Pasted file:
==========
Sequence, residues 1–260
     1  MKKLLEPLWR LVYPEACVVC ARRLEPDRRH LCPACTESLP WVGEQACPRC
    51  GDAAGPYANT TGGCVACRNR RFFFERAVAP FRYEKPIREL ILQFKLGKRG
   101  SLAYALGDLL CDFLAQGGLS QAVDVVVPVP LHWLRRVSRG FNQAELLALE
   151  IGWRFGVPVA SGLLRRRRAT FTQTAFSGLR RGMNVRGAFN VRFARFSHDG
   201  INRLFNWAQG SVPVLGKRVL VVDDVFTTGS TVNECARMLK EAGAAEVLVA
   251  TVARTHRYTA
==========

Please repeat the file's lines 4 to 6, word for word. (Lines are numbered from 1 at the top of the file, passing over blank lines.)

   101  SLAYALGDLL CDFLAQGGLS QAVDVVVPVP LHWLRRVSRG FNQAELLALE
   151  IGWRFGVPVA SGLLRRRRAT FTQTAFSGLR RGMNVRGAFN VRFARFSHDG
   201  INRLFNWAQG SVPVLGKRVL VVDDVFTTGS TVNECARMLK EAGAAEVLVA